Creating trees in Inkscape 2
Option 3: create trees with the automatic tree creator within Inkscape.
In Inkscape you’ll find awesome methods to create all kinds of random stuff.
One of these is creating random trees.
Just take a look in Extensions > Render > Random Tree…
When you select this option, the following screen appears:
Play with the initial size and minimum size settings and check the option ‘Live preview’ in order to see which tree Inkscape creates for you.
If you don’t like the tree Inkscape created, just uncheck and check ‘Live preview’ again and Inkscape will draw another random tree.
Select the tree (F1) and add a stroke of 35px (or whatever value you like) to it: menu fill and stroke, tab ‘stroke style’ and change the value to 35px.
Then give the tree a color, for instance 008033ff.
One thing to notice: the tree consist only of a stroke, so when you want to change the color of the tree, select shift (to change the stroke color) and then select the color you prefer.
If you change the color manually (in the fill and stroke menu), remember to select the tab ‘Stroke paint’ to change the color instead of the tab ‘Fill’.
Inkscape might be responding slow now. If this is the case, convert the image to a path by selecting the image (F1) and the select Path > Stroke to path.
Now we will start using a new tool, the pen tool (select the icon or hit Shift-F6)
To use this tool, simply click on the canvas and let go. Then place your mouse on a new position and click again. Do this until you have something like the shape below.
Note: start at the point left (within the red rectangle), then click the other points. When you return to the first point, put your mouse above it and it will turn red. Then click and you will have a nice closed shape.
Now click the trunk and change the color to any (trunk) color you like:
While selection the division tool, the bottom of the tree (the leaves) doesn’t look like it should.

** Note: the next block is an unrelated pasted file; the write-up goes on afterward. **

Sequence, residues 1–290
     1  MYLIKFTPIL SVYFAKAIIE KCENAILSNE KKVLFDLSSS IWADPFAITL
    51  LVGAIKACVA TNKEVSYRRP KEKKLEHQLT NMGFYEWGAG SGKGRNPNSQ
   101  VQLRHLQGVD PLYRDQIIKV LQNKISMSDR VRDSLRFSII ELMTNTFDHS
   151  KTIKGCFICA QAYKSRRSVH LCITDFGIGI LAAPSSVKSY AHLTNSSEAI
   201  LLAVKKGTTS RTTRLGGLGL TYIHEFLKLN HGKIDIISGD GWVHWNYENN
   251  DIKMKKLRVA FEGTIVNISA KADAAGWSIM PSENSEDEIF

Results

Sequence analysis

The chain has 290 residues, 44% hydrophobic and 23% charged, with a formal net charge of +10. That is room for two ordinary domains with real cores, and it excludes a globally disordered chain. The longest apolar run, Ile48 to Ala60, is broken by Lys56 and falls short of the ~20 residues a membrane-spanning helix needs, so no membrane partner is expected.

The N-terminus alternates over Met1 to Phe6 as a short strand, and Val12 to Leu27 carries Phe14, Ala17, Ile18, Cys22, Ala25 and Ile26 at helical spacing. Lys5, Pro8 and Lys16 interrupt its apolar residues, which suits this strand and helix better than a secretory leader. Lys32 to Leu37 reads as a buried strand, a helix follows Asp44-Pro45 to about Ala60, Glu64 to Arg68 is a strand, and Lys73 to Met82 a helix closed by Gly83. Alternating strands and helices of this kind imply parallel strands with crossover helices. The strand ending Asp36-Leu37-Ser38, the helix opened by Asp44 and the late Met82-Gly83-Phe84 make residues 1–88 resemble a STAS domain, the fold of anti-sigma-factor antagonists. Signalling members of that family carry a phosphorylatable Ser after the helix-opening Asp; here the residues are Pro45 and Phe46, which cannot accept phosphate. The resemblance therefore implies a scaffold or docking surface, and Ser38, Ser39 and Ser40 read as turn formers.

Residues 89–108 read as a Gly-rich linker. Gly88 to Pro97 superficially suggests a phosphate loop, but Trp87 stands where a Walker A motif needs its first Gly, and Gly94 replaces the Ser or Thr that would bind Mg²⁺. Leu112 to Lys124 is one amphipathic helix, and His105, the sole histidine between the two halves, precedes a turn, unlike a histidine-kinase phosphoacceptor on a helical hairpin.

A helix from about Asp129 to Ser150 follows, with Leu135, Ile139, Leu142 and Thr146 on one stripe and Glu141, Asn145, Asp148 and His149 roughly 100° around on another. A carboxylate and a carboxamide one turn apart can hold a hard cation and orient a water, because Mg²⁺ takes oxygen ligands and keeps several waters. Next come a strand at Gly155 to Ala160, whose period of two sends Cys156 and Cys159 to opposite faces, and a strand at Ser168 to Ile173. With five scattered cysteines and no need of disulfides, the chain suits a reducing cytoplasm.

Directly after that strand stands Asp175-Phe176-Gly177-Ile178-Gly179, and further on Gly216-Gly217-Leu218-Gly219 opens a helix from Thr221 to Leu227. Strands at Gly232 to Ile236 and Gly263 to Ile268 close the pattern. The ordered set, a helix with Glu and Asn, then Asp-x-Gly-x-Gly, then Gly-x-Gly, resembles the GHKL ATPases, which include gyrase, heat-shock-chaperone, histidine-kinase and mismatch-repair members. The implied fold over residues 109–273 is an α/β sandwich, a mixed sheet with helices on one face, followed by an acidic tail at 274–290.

To fix this, select the leaves part and select Ctrl-d (this makes a copie of the selected item and places it on top of the item, which of course means you can’t actually see it).
Having this copie selected, flip it vertically (V or icon below).
At this moment, the tree even looks worse but we’ll take care of that!
When you grab one of these arrows, you can change the dimensions of an object. Hold Ctrl while changing the dimensions in order to maintain the aspect ratio.
Try moving around the object to create a better looking tree. You can also use the arrows between the corners to change the dimension of an object.
Don’t worry if you still see some white ‘gaps’ like in the image below: we’ll fix that.
Now click the object (rectangle) you just created and change the color to the color of the rest of the leaves. You can do this with the ‘fill and stroke menu’, tab ‘Fill’ and enter the color code in the RGB box.
However, you can also do this by using the ‘pick colors from image’ icon (F7).
Make sure the rectangle you created is selected. Then click F7 and click somewhere on the leaves. Your rectangle will then be filled with the same color.
Also remove the stroke: to remove the stroke, make sure the rectangle is still selected and while holding Shift, click on the red cross in the bottom left corner (as we did before).
So far for creating trees.
It’s a good idea to save this file because we will be using it in the future to create an even more realistic tree!